Resources about Street Dogs for the Public & Government Leaders in Nepal
This website provides helpful information for community members, municipal leaders, and government officials, in countries, especially Nepal, where large populations of free-roaming dogs (owned dogs, community dogs, stray dogs, and feral dogs) exist. There is information about dog population management, responsible dog ownership, the importance of microchipping and dog registration, dog sterilization (spay & neuter surgery), the importance of dog vaccinations for the prevention of rabies and other diseases, and information on public health and safety issues related to street dogs. Finally, information about the importance of public education including how to interact safely, compassionately, and respectfully with dogs in the community is also shared on this website.
"In the absence of laws to regulate the standards of pet breeding, and trading, breeders and sellers (84.8 percent) have been using social media platforms, such as Instagram, Facebook, and TikTok to advertise their business and reach out to potential clients."
"Most breeders keep the dogs confined in small cages where the breeding dogs spend all their lives and are denied proper veterinary care and socialization. ..The dogs develop health issues resulting in costly veterinary treatment, which can in many cases lead to the abandonment or neglect of the dogs."
Free-roaming dogs are those dogs in the community (both owned & unowned) that are allowed to wander (roam) free, without being under the direct supervision of an owner or caretaker. Large numbers of free-roaming dogs can pose problems for public health and safety, concerns about animal welfare, and can impact tourism. Local governments,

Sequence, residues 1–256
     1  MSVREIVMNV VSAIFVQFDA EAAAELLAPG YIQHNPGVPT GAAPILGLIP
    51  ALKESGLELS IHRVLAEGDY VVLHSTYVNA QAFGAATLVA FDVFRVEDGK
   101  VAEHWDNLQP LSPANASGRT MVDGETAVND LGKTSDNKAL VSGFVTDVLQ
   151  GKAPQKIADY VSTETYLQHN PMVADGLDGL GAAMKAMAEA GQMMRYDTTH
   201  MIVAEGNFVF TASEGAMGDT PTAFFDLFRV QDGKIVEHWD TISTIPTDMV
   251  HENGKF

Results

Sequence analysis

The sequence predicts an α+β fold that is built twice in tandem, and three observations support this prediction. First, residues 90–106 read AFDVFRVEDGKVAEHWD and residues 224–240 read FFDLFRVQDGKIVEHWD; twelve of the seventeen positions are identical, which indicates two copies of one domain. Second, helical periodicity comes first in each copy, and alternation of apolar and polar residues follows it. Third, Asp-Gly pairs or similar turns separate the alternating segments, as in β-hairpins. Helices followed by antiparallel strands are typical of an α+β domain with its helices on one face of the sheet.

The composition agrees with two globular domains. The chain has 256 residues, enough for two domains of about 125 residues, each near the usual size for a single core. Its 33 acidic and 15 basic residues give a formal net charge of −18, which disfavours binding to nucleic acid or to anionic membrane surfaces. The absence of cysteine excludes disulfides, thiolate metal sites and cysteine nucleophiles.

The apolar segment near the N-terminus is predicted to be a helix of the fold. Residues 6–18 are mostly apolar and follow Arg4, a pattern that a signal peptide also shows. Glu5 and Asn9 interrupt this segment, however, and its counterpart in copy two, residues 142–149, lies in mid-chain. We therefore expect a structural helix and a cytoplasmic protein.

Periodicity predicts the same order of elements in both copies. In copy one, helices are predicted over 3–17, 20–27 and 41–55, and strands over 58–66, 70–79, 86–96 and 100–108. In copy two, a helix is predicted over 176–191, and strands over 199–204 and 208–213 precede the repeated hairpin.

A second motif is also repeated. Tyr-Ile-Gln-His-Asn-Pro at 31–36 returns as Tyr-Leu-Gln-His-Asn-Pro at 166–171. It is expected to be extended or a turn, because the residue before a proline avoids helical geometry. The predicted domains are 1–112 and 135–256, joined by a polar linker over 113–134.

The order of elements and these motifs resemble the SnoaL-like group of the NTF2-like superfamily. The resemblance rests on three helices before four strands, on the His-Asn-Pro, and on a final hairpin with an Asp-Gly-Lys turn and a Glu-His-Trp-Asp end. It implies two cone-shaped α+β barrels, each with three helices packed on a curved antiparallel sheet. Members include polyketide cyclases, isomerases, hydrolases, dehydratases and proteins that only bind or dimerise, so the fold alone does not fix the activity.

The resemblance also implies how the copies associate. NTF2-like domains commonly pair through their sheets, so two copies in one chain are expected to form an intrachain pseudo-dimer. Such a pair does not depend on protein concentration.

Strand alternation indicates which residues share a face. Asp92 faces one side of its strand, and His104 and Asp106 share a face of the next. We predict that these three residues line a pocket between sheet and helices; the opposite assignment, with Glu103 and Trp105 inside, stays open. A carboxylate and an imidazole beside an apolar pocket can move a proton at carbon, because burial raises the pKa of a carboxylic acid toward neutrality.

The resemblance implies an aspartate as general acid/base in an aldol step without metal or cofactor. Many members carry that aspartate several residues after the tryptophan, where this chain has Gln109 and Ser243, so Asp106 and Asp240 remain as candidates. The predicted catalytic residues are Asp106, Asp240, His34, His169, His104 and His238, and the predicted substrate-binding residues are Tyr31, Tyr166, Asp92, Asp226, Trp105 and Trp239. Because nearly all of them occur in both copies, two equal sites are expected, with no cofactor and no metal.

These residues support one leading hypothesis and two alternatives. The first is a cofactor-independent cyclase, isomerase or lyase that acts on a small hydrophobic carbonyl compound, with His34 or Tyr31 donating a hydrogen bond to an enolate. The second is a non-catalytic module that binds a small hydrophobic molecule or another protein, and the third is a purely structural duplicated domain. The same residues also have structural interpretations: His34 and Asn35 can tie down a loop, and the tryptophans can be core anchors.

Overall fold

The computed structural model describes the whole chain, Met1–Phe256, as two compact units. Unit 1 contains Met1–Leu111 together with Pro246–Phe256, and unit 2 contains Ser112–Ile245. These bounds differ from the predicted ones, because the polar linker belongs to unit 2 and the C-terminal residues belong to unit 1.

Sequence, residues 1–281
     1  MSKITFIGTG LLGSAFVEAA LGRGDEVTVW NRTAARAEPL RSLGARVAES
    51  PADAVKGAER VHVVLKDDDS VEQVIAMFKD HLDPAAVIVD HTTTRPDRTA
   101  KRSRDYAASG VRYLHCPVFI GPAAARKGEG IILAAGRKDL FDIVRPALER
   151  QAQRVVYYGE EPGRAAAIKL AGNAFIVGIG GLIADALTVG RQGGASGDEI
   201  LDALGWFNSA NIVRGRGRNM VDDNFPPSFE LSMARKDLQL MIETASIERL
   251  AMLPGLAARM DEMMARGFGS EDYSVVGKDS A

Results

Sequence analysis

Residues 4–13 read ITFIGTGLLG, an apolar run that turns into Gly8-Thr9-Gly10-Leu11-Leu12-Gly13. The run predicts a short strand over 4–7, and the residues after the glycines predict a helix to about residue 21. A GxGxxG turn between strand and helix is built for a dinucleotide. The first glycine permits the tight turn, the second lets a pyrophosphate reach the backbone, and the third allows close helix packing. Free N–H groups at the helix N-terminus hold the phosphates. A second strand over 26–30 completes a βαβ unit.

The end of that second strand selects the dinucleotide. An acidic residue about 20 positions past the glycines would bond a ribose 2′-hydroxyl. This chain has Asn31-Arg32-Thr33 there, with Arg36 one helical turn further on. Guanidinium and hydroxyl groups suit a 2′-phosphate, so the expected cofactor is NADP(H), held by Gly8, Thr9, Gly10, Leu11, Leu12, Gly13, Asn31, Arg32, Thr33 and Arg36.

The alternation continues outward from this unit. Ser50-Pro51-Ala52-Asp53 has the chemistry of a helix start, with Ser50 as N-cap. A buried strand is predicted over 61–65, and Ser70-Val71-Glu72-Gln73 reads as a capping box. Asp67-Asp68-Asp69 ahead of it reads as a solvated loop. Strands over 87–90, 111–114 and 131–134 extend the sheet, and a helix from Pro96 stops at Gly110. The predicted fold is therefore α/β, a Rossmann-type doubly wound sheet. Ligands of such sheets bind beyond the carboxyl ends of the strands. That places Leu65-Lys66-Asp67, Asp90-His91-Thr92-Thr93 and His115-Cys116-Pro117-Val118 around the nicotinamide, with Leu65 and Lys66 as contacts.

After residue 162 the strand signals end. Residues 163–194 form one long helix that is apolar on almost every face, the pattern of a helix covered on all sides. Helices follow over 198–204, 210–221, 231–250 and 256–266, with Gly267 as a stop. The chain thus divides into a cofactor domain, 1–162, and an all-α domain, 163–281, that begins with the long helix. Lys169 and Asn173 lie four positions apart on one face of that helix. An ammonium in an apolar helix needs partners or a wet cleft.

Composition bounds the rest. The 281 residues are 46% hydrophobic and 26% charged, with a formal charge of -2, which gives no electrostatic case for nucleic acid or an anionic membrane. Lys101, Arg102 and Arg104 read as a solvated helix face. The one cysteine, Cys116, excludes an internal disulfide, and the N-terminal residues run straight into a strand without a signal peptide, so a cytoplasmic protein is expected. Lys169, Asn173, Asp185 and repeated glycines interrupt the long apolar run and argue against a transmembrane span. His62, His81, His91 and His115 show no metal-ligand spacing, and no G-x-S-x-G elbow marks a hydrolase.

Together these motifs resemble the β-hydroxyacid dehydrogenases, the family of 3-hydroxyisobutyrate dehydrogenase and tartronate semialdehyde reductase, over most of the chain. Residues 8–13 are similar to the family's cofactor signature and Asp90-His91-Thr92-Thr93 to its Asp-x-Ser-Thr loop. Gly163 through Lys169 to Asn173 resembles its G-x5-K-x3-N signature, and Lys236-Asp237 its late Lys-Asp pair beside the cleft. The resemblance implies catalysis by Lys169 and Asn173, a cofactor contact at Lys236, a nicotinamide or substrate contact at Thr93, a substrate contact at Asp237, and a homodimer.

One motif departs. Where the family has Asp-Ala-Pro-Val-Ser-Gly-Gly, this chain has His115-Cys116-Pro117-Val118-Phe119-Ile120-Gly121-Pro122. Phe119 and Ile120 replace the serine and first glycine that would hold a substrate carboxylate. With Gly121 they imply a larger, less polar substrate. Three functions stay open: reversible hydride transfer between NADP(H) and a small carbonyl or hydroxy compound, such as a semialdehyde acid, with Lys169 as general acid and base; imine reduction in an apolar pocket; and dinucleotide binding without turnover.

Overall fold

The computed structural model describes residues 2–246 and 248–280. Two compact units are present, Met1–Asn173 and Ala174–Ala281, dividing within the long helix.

Free-roaming dogs are those dogs in the community (both owned & unowned) that are allowed to wander (roam) free, without being under the direct supervision of an owner or caretaker. Large numbers of free-roaming dogs can pose problems for public health and safety, concerns about animal welfare, and can impact tourism. Local governments, NGO's and the community can work together to make life better for these dogs, which helps improve their welfare and can help improve public health and safety.
Responsible city and municipal governments throughout the world provide a number of services to help their citizens protect the health and safety of the domestic dogs in the community, both owned pets, community dogs and strays. Learn how to run an effective and humane animal control program.
Dog population management is an approach to dealing with large numbers of free-roaming dogs that includes animal birth control, vaccinating dogs against rabies and improving the welfare of dogs in the community. --WOAH, 2022
"Dog population management helps promote responsible dog ownership by strengthening owner motivation, knowledge and therefore behavior in caring for their dogs, including timely rabies vaccination of owned dogs to maintain immunity.....".
World Organisation for Animal Health (2022)
"Feeding of roaming dogs and cats is an expression of compassion for animals and is a strongly defended action by many people. Feeding should not be discouraged.....Feed in areas that are safe for the animal and minimise conflict with community members....or where feeding is prohibited."